By Joshua Kato
Sustaining a farm financially is one of the toughest tasks farmers face, and yet the farm has to find money to pay workers and give something to the farm owner too.
Unless a farm has got a consistent enterprise that makes money for it, meeting these financial obligations eventually becomes a big challenge.
You must introduce an enterprise that gives you money consistently, to compliment others that generate income seasonally.
There are farms that have enterprises that can guarantee a daily money flow. These include chicken layers and dairy cows. Once layers start producing, the cycle runs through almost two years before they stop.
By the time they do, a farmer has added a second or even a third cycle. Dairy cows give milk through 300 days after delivery and this means that if a farmer has got more than one cow, it is likely he will have some money coming in each day.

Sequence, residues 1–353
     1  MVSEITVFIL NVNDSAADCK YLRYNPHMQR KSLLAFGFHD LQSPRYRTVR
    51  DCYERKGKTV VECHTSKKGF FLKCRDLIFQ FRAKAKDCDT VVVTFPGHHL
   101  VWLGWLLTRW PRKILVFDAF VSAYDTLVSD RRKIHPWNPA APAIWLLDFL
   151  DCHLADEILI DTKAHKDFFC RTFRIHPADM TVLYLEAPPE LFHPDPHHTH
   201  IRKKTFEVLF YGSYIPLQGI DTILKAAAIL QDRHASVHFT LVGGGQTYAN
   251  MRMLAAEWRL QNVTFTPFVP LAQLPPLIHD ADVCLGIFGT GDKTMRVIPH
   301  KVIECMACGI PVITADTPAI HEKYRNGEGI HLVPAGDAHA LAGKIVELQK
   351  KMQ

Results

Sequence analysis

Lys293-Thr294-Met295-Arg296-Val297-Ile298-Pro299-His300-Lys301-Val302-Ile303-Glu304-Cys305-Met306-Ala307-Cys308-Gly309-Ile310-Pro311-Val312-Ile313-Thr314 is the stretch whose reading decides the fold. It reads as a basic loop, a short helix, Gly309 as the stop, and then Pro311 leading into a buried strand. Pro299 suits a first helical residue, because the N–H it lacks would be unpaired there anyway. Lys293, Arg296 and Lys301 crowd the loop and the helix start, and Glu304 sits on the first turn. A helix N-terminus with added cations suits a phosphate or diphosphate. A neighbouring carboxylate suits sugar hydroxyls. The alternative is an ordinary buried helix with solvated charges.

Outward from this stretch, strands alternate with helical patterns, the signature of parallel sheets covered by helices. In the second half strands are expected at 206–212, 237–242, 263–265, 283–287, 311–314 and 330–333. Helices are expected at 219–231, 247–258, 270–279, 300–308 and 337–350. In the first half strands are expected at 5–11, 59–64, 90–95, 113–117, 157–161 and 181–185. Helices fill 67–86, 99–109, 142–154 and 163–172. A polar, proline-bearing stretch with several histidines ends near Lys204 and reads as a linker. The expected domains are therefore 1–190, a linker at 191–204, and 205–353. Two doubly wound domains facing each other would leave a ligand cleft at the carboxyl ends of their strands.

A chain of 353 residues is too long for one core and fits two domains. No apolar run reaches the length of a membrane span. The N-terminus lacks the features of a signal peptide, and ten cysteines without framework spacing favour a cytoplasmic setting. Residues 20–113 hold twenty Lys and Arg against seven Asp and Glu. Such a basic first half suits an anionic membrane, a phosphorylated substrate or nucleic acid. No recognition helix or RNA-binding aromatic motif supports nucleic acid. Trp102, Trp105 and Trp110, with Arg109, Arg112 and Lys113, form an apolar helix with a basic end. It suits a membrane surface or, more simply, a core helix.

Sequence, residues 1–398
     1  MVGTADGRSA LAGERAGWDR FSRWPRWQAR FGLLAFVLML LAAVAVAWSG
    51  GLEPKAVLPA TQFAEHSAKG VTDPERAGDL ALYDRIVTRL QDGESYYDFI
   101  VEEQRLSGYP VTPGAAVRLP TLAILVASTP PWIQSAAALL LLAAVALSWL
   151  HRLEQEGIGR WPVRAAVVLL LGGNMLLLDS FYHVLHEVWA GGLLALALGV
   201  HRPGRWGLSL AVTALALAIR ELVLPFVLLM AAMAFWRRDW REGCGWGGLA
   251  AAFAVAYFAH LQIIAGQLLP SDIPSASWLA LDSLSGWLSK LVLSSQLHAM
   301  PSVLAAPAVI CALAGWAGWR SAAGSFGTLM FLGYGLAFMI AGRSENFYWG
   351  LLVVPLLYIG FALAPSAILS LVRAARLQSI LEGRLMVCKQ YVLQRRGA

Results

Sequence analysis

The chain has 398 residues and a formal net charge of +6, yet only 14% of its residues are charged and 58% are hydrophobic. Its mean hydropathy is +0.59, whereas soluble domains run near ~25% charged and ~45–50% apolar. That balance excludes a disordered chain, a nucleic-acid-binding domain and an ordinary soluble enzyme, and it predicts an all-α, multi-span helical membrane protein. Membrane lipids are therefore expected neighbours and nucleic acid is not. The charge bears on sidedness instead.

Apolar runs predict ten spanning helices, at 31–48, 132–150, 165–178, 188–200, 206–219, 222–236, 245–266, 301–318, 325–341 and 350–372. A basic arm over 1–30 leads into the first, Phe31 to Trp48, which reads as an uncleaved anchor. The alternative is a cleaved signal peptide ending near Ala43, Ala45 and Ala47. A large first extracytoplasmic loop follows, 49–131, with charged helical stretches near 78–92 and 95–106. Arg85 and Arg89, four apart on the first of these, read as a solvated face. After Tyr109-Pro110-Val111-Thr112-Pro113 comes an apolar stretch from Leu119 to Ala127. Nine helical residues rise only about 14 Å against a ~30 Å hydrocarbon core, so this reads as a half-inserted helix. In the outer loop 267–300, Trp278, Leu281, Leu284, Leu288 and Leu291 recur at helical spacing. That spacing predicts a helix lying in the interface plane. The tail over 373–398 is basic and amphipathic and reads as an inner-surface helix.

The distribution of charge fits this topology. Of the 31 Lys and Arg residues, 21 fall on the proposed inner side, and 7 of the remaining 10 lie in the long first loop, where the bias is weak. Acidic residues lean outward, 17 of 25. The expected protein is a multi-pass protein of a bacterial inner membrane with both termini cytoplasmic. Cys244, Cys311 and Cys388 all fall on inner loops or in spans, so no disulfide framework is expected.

Pigs can also bring in daily income depending on the size of the herd. With a large stock of say 10 sows, a farmer can actually have piglets for sale every month throughout the year.
A big herd of goats can also give monthly income too. Vegetables can give you money twice or three times a year, however, the short cycle means that the money is almost monthly.
But there are annual crops, such as coffee and fruits that have one major season plus a minor season. Unless farmers plan well, the farm suffers financially during mid-season.
The advice is to practise inter-cropping. If coffee is inter-cropped with matooke, a farmer will consistently sell the matooke to sustain the financial needs of the farm as they wait for the larger income from coffee.
For example, 10 acres of coffee can take as many as 2,500 plants of matooke and these can produce at least 500 bunches a month. Certainly, this can run the farm!